Mary Reid Kelley has made a unique place for herself in the world of independent cinema. Her black and white videos revolve around the lives of women throughout different times in history. She creates a world with elaborate masks and costumes that cover the eyes and replace them with cartoonish features. Caught somewhere between animation and live action, Kelley designs extravagant digital sets for her characters to inhabit. Mary Reid Kelley invites her audiences to laugh at the subject matter at hand with hilarious puns that use seemingly unrelated words to add new meaning to the dialogue.
Her latest work Priapus Agonistes reinvents the classic Greek myth of the Minotaur. The story is told from the perspective of a female version of the infamous half-man, half-beast who seems to be lost in her own labyrinth, looking for the lavatory so she doesn’t have to shit in the hallways. The Minotaur tries to make sense of her position as a man-eating monster trapped underground in an endless maze. Filled with insecurity and self-doubt, she refers to herself as a “walking fraction.” She recounts the story of how she came to be. A flashback leads to the most memorable scene in the video where her mother Pasiphae, the queen of Crete, lies in the sun. Her beauty gets the attention of Venus, the God of love, who has the face of a bulldog. Venus decides to put a curse on fair Pasiphae by “turning her preference for dick into something more hairy.” Pasiphae becomes transfixed with a nearby bull, convinced that it is the perfect man.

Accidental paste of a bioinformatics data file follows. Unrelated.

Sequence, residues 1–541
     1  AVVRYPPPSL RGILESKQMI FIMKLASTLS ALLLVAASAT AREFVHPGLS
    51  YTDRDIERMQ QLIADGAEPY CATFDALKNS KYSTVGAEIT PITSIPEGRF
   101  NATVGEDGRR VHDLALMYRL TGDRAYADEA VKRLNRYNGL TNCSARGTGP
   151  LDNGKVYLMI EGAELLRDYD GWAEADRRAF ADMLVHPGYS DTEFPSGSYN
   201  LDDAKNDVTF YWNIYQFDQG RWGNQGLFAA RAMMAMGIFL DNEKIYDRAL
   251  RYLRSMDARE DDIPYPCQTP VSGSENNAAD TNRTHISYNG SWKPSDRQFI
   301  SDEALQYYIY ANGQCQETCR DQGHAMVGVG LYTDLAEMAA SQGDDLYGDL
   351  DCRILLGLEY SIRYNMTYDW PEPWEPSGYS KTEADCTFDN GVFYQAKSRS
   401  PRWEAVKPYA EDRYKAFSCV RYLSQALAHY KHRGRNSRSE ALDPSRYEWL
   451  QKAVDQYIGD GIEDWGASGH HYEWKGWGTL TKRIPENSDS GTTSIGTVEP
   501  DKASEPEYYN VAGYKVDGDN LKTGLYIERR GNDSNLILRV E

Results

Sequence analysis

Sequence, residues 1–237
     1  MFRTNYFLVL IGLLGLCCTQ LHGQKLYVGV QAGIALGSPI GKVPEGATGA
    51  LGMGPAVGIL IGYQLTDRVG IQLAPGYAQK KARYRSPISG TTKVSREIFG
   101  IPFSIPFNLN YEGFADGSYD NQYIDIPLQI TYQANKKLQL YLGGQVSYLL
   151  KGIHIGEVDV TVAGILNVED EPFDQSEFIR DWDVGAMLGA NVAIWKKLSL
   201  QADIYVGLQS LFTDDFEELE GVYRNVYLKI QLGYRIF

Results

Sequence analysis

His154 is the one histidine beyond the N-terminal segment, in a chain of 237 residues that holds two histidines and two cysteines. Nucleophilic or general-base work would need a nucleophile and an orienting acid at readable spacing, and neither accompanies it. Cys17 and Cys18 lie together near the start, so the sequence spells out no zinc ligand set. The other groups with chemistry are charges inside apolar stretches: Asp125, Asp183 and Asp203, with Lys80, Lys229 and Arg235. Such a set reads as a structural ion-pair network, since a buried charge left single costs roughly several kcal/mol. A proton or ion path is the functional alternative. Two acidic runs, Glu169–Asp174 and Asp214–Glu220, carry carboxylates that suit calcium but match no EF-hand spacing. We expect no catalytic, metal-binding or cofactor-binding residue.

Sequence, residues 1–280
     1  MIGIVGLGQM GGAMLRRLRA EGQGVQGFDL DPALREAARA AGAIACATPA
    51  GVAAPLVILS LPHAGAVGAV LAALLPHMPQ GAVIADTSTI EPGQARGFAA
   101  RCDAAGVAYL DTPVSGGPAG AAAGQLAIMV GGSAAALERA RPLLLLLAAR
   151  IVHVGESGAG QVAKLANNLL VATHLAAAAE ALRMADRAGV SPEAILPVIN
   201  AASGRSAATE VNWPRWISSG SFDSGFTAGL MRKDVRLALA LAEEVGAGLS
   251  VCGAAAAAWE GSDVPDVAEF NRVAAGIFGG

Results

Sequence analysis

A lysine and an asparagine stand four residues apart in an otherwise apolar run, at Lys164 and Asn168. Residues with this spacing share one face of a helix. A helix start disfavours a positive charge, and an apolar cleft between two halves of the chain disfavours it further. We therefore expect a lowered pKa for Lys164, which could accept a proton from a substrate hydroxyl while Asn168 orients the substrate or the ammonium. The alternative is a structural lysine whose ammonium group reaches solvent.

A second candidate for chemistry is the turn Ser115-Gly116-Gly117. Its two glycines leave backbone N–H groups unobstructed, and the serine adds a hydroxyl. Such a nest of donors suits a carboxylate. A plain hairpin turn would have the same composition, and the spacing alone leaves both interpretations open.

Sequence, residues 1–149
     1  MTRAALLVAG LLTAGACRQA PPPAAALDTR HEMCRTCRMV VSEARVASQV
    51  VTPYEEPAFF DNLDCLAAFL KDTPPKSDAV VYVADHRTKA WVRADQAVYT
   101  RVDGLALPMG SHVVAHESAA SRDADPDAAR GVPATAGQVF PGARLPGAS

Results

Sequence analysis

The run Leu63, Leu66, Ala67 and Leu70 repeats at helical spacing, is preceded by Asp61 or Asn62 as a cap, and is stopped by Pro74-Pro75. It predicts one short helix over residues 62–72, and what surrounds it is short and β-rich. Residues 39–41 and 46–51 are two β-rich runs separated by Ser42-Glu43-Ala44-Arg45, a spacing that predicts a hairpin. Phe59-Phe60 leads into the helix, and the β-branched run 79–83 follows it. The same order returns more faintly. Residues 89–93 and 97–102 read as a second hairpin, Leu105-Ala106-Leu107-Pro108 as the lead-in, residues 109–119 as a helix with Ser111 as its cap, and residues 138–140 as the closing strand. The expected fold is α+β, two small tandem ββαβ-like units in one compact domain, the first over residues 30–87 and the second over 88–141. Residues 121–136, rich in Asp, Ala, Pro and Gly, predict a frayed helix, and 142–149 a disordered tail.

The Minotaur becomes a symbol for a soul desperate to escape her predetermined role in society. Kelley fills the character with empathy and grace as she struggles with issues of isolation and self-loathing. The story seeks alternative points of view to mainstream interpretations of history. Priapus Agonistes reminds the audience how relevant and comical Greek mythology can be in the modern age.
Priapus Agonistes (2013) is currently on view at the Institute of Contemporary Art in Boston, MA along with three other films by Mary Reid Kelley and her husband Patrick Kelley including The Syphilis of Sisyphus (2011), Sadie the Saddest Sadist (2009), and Camel Toe (2008). The exhibition runs until October 27th.
I saw this the other day at the ICA in Boston and it blew me away. It caught me totally off guard and was an extremely pleasant surprise. Can’t wait to see what she does next!